Colour of the cap (the top part) – red/yellow/pink/white/orange/green etc

The overall shape and size of the fungi – does it have a pointed top?

The smell – some smell of honey when bruised, others of garlic, cedar wood or bed bugs (don’t ask!)

Gill detail – do the gills run down the stipe (stem)?

Is the cap and or stem sticky?

Waxcaps look so colourful and have some wonderful names – for example Parrot waxcap, pink ballerina, Snowy waxcap.. see photos below.

There is a excellent blog run by the group of individuals recording the waxcaps (and other fungi) from the Longshaw estate  http://longshawfungi.wordpress.com/

April at Linacre Reservoir

This afternoon was the April session of the WEA Nature’s Calendar at Linacre Reservoir. Like Bramcote Hills, much had come out since our last visit and most of the trees were in leaf now and the bluebells were well and truly out, although probably a few days off their peak. We found the large patch of wild garlic, but only a few were in flower today.

Trees noted in leaf today – beech, silver birch, oak (not all in leaf, but flowers were seen), larch (needles were seen now and flowers were now larger from last month), rowan, sycamore (flowers seen), hawthorn (no flowers, but buds were seen), and blackthorn flowers now out.

Many flowers were seen today – plenty of native bluebells, a few wild garlic flowers were seen, some sweet woodruff was seen on a path by the upper reservoir, other woodland plants seen include wood sorrel, wood anemone, dogs mercury, lords and ladies, opposite-leaved golden saxifrage, red campion, garlic mustard, greater stitchwort. Wood melick (a grass) was seen just beginning to flower and wood sedge had just appeared near the picnic area. Other flowers seen include groundsel, daisy, dandelion, shepherd’s purse, ribwort plantain, lesser celandine, greater woodrush. The leaves of pignut was seen (a flower to look out for next time).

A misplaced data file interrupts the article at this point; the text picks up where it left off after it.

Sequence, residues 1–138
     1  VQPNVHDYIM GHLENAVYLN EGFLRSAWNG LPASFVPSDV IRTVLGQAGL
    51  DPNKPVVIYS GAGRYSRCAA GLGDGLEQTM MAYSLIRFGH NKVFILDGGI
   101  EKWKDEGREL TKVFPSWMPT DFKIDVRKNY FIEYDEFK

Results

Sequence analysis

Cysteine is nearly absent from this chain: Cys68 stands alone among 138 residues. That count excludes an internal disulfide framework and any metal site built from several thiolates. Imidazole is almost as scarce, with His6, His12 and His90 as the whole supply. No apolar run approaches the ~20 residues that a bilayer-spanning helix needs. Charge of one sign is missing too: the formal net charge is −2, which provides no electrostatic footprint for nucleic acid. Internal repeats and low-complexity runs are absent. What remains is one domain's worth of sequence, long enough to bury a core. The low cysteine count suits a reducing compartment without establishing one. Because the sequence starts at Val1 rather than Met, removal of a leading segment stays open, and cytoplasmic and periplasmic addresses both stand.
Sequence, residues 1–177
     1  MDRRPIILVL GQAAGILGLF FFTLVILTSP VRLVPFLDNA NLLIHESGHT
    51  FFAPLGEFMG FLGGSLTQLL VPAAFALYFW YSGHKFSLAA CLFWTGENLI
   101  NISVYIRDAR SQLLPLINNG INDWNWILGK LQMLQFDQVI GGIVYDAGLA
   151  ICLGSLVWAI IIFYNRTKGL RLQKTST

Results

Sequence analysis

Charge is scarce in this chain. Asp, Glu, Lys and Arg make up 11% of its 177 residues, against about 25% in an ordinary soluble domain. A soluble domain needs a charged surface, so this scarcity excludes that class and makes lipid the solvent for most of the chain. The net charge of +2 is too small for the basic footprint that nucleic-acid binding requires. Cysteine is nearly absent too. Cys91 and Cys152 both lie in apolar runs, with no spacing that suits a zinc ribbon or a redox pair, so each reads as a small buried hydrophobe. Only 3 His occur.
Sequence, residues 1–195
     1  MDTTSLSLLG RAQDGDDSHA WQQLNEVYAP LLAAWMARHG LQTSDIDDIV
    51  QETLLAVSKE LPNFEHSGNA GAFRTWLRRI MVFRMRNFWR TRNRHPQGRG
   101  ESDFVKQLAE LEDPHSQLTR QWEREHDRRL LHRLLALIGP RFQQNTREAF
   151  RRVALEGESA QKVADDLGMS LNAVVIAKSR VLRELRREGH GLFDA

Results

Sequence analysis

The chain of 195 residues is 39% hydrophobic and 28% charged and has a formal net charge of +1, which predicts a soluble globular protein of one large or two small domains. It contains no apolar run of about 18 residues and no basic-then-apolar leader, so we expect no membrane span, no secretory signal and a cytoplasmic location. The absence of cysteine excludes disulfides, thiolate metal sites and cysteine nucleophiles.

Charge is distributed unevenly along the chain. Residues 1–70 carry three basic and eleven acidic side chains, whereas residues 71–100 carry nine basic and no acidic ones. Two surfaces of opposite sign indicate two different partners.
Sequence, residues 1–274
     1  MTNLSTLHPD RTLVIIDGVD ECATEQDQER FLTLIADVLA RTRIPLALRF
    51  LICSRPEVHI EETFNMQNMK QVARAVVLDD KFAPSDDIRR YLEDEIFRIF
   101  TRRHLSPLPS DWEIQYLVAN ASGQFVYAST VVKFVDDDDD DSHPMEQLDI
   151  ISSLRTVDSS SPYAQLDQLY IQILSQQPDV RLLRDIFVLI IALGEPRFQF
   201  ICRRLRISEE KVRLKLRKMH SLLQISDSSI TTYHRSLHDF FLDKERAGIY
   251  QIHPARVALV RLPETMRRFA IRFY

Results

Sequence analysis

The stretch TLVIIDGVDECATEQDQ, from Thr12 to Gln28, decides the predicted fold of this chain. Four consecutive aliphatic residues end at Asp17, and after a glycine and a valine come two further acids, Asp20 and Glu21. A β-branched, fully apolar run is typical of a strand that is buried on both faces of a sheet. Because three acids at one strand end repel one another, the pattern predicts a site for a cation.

Bird sing was a plenty at the reservoir today – chaffinch, coal tit, song thrush, nuthatch, great tit, wren, green woodpecker, greater spotted woodpecker (drumming), chiffchaff and tufted duck, mallard, great crested grebe and grey wagtail were seen on the reservoirs and swallows flying over the water.

No cuckoo heard yet (but I know they are around as someone heard one before our meeting today at Holmewood Country Park).

Bramcote Hills in April

Today was the April session on the Bramcote Hills Nature’s Calendar course. Despite a fairly grey sky, we managed to have over an hour of dryness before the drizzle started!

We noticed how much greener the site was and how much change there was in the trees – most of the trees last time were either just bursting their bids or had their buds still firmly shut.  The theme today was flowers, but it wasn’t just flowers on the floor, we saw plenty of tree flowers too, such as oak, sycamore, rowan, cherry and beech flowers – how often do you notice flowers on trees? Some hawthorn trees were almost in flower (although I couldn’t reach one to take a photo of one in full flower). Remember the phrases – Ne’r cast a clout till May is out – not sure I’m ready to put the jumpers away just yet!!

There were plenty of flowers out today – Spanish and native bluebells, garlic mustard, yellow archangel, wild garlic, green alkanet, red campion in the woodland and gorse, cow parsley, white deadnettle, dandelion, daisy, cut leaved cranesbill, cowslip, ribwort plantain, red clover, and bulbous buttercups in the grassland areas.

The birds were in full song today – we heard and saw blue tits, robin, green woodpecker, greater spotted woodpecker (heard drumming), chiffchaff, wren, blackbird, and we saw moorhen and plenty of mallards on the pond, including  one with 8 ducklings.

We didn’t see any insects today – the weather wasn’t too warm!